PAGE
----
Regional VA Hospitals Adapt To Veterans Choice Program
Some of the key participants in the Choice Program are regional hospitals. We continue our examination of this program by talking with managers and administrators at two facilities serving veterans in northern Illinois.
The Choice Program is designed to help veterans who are trying to receive specialist care that is either too far away, or the wait time for an appointment is too long. Veterans interested in the program talk to either their primary doctors or local veterans assistance center. These people then refer the veterans to a regional VA hospital.
“If that’s over 30 days or we do not offer that care, or it’s over 40 miles, then a consult is placed or they’re referred to our department," says Carolina Mosely, Clinical Nurse Manager for the Office of Community Care at Edward Hines, Jr., Veterans Hospital in the Chicago suburb of Hines.
Professionals like her act as liaisons between patients and doctors but, at a national level, these arrangements go through two third-party contractors. Mosely says she guides eastern U.S. veterans to Health Net.
“We’ll give them the website. They go in, they fill out the packet, and the patient can see that physician. If they choose not to do that, they can choose another physician off the providers list," she said, "and then we have our own list where we can sign that provider up also. We’re creating a national, integrated set of providers.”
Regional hospitals like Hines aren’t allowed to create these databases on their own, which can make dealing with the contractors difficult. However, Dr. Alan Bridges, Chief of Staff at William S. Middleton Memorial Veterans Hospital in Madison, Wis., notes that Health Net and its counterpart TriWest still have a role to play.
“They set up these regions and these contracts," he said, "and that’s the setup for the money exchange, the reimbursement.”
Bridges says Congress didn’t give much guidance to regional hospitals on how to assemble these regional offices. He also notes that lawmakers didn’t allocate infrastructure funding for specific hospitals.
“The contractors, Health Net and TriWest, probably didn’t have the infrastructure required to fully implement the program," he said. "In addition, they didn’t have enough physicians.”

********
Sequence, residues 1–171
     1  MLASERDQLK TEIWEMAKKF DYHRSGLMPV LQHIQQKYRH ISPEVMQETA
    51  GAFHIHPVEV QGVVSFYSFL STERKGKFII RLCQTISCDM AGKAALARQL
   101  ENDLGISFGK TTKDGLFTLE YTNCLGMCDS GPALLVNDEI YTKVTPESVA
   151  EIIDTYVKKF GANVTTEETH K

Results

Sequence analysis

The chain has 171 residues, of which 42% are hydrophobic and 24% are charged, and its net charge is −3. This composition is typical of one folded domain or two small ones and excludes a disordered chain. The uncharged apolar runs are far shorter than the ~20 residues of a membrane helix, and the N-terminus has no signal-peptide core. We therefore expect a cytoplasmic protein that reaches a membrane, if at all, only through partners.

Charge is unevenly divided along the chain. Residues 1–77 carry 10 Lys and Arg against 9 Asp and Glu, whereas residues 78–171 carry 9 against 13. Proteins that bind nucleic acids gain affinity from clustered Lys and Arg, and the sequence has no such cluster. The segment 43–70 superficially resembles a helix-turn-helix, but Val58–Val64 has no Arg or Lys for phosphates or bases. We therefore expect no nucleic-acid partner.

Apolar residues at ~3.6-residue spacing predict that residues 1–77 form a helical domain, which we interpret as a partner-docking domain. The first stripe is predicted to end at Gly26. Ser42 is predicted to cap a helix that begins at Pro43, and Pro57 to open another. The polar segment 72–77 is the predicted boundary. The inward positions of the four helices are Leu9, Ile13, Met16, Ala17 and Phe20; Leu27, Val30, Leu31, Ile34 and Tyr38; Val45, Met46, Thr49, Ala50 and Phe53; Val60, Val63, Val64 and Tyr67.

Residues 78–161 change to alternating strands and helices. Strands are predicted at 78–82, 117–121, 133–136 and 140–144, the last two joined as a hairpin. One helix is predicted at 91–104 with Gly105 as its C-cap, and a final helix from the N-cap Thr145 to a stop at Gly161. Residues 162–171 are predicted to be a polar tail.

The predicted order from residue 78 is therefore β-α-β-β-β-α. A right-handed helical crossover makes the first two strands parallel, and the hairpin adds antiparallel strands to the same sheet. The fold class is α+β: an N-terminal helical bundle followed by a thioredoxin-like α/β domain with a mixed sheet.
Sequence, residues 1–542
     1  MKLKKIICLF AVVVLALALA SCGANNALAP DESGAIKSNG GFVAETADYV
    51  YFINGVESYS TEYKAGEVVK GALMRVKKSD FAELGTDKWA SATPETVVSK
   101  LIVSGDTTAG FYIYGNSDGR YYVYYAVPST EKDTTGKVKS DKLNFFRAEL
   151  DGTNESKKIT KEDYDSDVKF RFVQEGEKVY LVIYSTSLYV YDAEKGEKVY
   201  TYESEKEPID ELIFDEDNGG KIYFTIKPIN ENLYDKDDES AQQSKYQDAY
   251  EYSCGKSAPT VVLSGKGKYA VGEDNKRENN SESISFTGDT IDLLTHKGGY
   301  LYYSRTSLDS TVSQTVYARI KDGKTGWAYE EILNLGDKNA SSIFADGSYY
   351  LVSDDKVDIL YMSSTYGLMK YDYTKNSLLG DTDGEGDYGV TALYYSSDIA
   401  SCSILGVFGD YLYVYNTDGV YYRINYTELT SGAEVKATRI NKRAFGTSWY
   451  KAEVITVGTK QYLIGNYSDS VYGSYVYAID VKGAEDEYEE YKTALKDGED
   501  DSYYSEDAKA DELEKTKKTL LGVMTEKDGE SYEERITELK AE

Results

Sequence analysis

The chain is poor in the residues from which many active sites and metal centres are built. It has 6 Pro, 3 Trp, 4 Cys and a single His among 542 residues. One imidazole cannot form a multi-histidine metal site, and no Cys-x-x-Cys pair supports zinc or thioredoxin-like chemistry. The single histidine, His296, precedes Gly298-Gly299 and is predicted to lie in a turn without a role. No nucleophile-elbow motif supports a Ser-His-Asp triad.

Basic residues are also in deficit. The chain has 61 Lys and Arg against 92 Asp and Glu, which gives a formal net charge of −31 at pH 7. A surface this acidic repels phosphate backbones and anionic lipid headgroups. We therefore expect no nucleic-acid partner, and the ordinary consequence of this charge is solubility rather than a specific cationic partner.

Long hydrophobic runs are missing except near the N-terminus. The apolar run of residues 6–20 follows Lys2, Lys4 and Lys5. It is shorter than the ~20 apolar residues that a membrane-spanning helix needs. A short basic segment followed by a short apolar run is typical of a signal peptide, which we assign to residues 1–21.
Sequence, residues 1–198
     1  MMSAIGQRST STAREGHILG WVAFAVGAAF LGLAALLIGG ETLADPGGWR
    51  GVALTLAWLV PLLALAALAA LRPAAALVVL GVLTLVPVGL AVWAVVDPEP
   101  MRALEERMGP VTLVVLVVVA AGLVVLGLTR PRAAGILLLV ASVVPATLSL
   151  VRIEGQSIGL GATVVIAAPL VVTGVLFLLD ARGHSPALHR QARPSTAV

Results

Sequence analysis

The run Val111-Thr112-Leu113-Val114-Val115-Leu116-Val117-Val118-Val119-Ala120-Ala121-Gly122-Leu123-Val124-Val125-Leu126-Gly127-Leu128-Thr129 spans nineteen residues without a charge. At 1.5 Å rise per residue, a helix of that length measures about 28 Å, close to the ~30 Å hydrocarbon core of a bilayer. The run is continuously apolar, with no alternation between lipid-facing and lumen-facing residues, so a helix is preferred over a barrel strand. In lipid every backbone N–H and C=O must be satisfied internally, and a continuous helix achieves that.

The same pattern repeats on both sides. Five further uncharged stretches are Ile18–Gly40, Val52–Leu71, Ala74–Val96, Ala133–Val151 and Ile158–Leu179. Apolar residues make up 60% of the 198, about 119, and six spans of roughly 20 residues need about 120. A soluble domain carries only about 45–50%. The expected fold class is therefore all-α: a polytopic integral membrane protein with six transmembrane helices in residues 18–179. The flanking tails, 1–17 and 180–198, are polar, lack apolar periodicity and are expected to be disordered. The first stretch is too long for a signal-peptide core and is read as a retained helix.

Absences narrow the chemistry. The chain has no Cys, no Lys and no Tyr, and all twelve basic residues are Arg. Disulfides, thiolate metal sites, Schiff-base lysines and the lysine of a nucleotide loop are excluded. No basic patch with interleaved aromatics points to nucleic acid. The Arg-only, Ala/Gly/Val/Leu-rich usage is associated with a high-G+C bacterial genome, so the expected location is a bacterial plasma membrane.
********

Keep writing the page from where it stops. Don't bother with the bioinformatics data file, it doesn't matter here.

To compensate, both Madison and Hines hired extra staff. Mosely explains how she set up her office at Hines.
“We hired some RNs, because I needed some nurses with varied backgrounds to be able to really, really make sure that my patients got the care they need," she said. "We hired some LPNs, and then we have administrative staff.”
This makes Mosely's office about half clinical and half administrative, along with what she calls "intense case management." Hines serves Chicago and its suburbs, as well as sections of northern Illinois, so her office authorizes about 250 referrals each week.
Madison has just as wide a service area, extending into Illinois and part of Michigan’s Upper Peninsula. However, Bridges said the Choice program hasn’t exactly shortened veterans’ wait times.
"Even though the VA may be beyond 30 days," he said, "we can often get a veteran in for care in 40 or 45 days -- which is before the private sector can get them in.”
Dr. Steve Braverman, director at Hines Hospital, says veterans have caught on to this pattern.
“One of the interesting things that we’ve found is that, when we’ve offered Choice in many situations, our veterans have declined it because they prefer to get their care here even if it means a longer wait,” he said.
Bridges also noted his hospital volume is higher than some regional counterparts because Wisconsin didn't expand Medicaid under the Affordable Care Act. He said VA care doesn’t have monthly premiums.
“Veterans pay for an episode of care unless they’re service-connected,” he said. “Then they get that care for free.”
It remains difficult for regional hospitals and private doctors to schedule appointments and properly share medical records. To fix this, the hospitals are “reinventing” the underlying systems at a national level. Mosely says this means changing the underlying technology.
“One of them will allow the outside providers to have access to the patients’ information, like their actual chart, real time,” she said.
That change is already under way, and other reforms aim to improve communication with these private doctors.
In the end, Bridges sees the Choice Program as a well-intentioned but flawed effort to get veterans the care they need. But he’s still optimistic about upcoming reforms.
“As we’re developing more infrastructure and getting better communication across the different program lines," he said, "I think that, going into the future, we should have a very, very good program that will allow the goals to be realized.”
The U.S. Congress originally budgeted $10 billion for the Choice Program, but it had a sunset date of August 7. However, President Donald Trump signed a law in April permitting the VA to spend the remaining funds until January 2018.